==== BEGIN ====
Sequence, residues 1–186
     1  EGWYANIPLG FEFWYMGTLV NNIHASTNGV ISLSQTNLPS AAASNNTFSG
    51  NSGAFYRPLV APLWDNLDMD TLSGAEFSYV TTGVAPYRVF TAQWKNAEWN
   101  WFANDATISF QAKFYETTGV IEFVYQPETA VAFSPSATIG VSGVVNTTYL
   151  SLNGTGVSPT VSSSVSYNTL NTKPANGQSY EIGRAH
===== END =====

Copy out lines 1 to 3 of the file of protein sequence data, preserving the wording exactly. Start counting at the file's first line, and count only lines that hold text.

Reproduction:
Sequence, residues 1–186
     1  EGWYANIPLG FEFWYMGTLV NNIHASTNGV ISLSQTNLPS AAASNNTFSG
    51  NSGAFYRPLV APLWDNLDMD TLSGAEFSYV TTGVAPYRVF TAQWKNAEWN